2. My son used to ask to sleep with us every night. He usually ended up in bed with us at some point, well after we were asleep and could put up a fight. Now that he’s sleeping in his own bed all the time, I kind of miss him coming in to cuddle with us!

  3. It can be so frustrating. My toddler is now getting up in the middle of the night and wandering around and then hopping into our bed. His sleeping routine is so messed right now with summer. I hope that these tips can apply to my kid too. I hope that he will sleep through the entire night!

  4. Fi Ní Neachtáin

    My son is almost two and a half and still sleeps in his cot, he’s happy there so I don’t want to move him. He does cry in the middle of the night and comes into my bed, I think he enjoys being next to me. I don’t mind it at this age but I hope when he gets a little bit older he’ll want to sleep in a proper bed and stay asleep all night too.

  5. It took me the longest time to want to sleep in my own room as a child! I don’t really think I had nightmares or any kind of fears keeping me awake, I was just comforted knowing my Nana was right next to me. Now, sometimes, I almost want to kick my hubby out of bed for snoring so much. 🙂

  6. My youngest has trouble sleeping by himself – he still likes to sleep with his brother. I know he’ll grow out of it, but it can’t happen soon enough.

  7. I never had that problem with my son. I recently had my 7 yo great nephew here for a few days, visiting form 400 miles away. He had always slept with his mom and dad so that’s how he planned. He ended up sleeping on the couch by himself, even a couple nights downstairs in the den. But at home, he went back to the same thing.

  8. Oh brother. The struggles I’m going to have to deal with when I have children. I’m not looking forward to them hopping into our bed and hoggin’ the whole mattress. I’m not a fan of that. I had a sleep over with my nephews last time I was home visiting them and I got like an inch of the mattress the entire night. Didn’t get a wink of sleep barely! HAHA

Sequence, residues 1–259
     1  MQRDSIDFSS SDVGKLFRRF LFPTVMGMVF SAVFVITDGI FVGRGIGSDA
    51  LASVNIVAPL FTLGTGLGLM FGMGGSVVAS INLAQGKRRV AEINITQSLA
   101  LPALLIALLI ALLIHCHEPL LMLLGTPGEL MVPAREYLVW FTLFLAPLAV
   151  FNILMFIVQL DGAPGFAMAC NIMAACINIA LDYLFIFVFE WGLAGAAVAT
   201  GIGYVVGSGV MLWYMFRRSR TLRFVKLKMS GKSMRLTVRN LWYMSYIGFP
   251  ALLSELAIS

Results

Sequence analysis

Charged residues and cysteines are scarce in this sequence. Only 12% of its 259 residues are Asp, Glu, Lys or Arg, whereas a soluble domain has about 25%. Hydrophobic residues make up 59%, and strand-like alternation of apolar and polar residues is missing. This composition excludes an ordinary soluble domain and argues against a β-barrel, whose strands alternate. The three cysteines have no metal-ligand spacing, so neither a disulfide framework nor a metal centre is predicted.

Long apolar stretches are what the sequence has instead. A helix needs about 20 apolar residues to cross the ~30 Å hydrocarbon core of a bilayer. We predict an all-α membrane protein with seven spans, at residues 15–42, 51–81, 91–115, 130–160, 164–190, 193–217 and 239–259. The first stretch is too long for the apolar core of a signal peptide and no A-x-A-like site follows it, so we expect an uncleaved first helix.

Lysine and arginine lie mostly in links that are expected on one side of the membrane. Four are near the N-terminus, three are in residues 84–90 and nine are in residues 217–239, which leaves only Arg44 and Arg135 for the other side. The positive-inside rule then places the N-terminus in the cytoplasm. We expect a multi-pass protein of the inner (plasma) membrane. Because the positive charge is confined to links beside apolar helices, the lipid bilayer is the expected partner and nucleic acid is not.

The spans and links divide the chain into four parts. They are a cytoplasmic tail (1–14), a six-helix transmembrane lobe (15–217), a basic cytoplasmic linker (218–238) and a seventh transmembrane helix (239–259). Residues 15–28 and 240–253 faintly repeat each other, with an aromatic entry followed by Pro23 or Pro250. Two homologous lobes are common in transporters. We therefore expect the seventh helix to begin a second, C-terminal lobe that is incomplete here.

9. It really helps. As for me, I find it effective to put a soft relaxing music in the background. Chatting with them about their day is also good as it relieves them of doubts or any emotional disturbance they have. No drama from the kids, so everyone can have their good night’s sleep.

  10. I remember fighting to stay awake when I was younger with my parents. These are great tips for any parent with a child struggling to sleep in their own room. We had a friend paint their child’s room dark colors to help them sleep.

  11. I am not a mother, but I can imagine how much security it brings to a child’s thoughts to sleep with his/her parents. I have a sister that co-sleeps while breastfeeding but all of her children where in their own beds by the age of two. She rarely has the older children climb in her bed unless the have bad dreams, storms, or a rare occasion that they just couldn’t get back to sleep after going to the potty. You share some great tips that I am sure are useful to all mothers! 🙂

  12. I agree that a simple spruce up of their bedroom can do wonders. Who doesn’t want to enjoy their new stuff? Also yes, clutter can make weird shadows, but it’s also distracting to a kid who’s having trouble sleeping!

  13. I don’t have any kids right now, but I remember as a kid always wanting to sleep in my parent’s room. My older sister (5 years older) and I shared a room and she was very bossy/domineering and I never felt like that was ‘my’ room. I was afraid of the dark, but my sister insisted we had to have both closet doors open and no night light, so I was too scared to sleep. It wasn’t until my parents had my share a room with my brother (1 year older) when I was 8 that I was able to sleep in my own room at night. Perhaps add a suggestion that parents of kids who share a room help the kids come to a compromise on what would make them both feel safe and comfortable at night.